The saying goes no one has ever been hurt by playing in the minors. Well I think Kadri proves that statement wrong. I truly believ if they had kept him up he would be a much bigger part of the Leafs today. Now every time he gets sent down it has to be in the back of his mind its not really because of his play but because of internal politics.

    Another thing that bothers me is we keep having the fact that the Leafs are the youngest team in the league shoved down our throats. So why the hell has Toronto used the least amount of rookies this year? I think as of last week they had only used 4 rookies. The Flyers by contrast have played 7 this year. So what the heck good is youth if they are all veteran players? The Team is 26 overall in a 30 team league. They have the youngest lineup in the league. Somehow, on the youngest, 5th worst team they have only played 4 rookies. That does not bode well moving into the future.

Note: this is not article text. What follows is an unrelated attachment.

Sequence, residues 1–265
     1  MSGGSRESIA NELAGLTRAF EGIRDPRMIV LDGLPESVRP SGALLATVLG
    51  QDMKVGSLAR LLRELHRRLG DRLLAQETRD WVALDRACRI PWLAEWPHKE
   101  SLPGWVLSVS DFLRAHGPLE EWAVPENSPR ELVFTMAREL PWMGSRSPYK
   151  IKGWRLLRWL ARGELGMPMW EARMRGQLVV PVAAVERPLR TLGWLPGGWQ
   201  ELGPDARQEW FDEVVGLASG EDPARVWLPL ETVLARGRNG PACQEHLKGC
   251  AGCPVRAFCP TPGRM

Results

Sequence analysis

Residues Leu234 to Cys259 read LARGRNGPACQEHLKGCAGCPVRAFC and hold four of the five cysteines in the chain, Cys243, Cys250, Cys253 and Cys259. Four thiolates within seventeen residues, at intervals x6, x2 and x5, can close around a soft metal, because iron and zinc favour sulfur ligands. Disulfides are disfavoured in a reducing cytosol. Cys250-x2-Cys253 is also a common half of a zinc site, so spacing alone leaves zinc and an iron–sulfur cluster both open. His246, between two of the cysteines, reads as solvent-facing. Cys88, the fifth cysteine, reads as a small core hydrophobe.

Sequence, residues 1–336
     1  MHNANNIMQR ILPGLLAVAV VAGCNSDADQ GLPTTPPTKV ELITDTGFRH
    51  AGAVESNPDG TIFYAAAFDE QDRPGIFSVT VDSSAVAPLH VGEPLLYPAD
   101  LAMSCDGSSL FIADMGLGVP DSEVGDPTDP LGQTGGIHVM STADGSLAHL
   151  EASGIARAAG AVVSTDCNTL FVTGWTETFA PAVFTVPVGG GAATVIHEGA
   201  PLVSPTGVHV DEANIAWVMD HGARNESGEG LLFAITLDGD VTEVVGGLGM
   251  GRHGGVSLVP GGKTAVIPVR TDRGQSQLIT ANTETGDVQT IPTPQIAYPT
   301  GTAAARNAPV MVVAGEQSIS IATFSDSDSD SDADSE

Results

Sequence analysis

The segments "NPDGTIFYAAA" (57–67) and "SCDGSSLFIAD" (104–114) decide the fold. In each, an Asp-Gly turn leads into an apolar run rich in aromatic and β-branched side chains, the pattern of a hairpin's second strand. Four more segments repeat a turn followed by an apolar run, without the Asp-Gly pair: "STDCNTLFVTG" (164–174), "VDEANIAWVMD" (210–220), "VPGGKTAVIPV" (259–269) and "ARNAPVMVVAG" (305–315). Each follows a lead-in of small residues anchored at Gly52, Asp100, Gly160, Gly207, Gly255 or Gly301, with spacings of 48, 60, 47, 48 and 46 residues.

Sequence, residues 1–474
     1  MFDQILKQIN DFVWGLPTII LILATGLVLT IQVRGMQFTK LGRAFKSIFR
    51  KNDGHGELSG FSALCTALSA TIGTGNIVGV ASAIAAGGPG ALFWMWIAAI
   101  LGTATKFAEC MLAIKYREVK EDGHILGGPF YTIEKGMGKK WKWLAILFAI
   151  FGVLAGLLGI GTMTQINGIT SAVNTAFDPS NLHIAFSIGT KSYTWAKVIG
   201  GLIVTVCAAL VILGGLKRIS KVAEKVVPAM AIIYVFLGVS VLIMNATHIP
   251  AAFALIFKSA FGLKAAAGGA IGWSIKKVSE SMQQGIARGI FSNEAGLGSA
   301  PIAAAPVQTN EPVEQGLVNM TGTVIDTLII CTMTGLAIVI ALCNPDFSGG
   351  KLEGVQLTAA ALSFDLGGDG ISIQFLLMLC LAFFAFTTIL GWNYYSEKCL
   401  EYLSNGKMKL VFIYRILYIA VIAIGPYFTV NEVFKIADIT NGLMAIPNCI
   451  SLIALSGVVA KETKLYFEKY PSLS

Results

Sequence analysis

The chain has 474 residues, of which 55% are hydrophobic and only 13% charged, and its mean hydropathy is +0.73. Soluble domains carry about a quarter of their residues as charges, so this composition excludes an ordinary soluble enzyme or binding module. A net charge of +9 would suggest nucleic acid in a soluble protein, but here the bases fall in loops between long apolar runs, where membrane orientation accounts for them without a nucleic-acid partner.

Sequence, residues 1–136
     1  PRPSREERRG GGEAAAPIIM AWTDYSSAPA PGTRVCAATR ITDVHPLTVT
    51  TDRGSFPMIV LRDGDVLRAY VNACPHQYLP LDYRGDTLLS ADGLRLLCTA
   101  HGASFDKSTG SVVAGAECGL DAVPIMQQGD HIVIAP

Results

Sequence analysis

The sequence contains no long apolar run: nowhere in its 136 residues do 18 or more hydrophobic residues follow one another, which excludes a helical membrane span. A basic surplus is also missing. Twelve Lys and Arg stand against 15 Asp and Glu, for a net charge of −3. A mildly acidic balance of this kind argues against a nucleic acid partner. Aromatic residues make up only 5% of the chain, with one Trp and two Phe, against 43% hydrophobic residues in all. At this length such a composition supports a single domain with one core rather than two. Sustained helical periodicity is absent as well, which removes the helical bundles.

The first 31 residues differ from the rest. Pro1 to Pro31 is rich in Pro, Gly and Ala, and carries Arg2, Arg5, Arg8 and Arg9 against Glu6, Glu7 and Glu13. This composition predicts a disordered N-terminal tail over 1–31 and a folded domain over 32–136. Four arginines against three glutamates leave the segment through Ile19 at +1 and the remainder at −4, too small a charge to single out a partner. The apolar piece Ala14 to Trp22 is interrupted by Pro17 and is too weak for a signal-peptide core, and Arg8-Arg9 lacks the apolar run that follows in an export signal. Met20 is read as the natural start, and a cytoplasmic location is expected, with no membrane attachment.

2. Good post, Willbur.

    While we look at the Kadri situation differently, we would probably agree that the organization has not handled that one well. Maybe we'll be proven wrong, if Kadri does really well from here on out. But I find their indecision is simply an example of bad management.

    I, too, have grown weary of hearing how "young" we are. That's a nice thing to be able to throw out there, but it's not how young you are, it's how good you are. Every team needs a mix of good young players, and good veteran players.

  3. I agree they have handled Kadri badly. Once the descion was made to send him back he should have stayed down period. Up and down is for bubble guys who have at best a Joey Crabb type of career. With a stud prospect if he gets sent down he doesn't come back till next year. Just bad managment. Same with Ashton, I just hope they aren't turning a young player with some upside into a checker who rides the pine.